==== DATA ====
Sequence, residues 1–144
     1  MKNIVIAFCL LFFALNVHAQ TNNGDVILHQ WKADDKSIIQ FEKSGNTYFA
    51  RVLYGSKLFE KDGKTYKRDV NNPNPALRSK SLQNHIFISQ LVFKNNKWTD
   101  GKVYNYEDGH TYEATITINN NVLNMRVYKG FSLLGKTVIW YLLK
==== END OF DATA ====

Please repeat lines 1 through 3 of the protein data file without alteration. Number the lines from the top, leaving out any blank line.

Sequence, residues 1–144
     1  MKNIVIAFCL LFFALNVHAQ TNNGDVILHQ WKADDKSIIQ FEKSGNTYFA
    51  RVLYGSKLFE KDGKTYKRDV NNPNPALRSK SLQNHIFISQ LVFKNNKWTD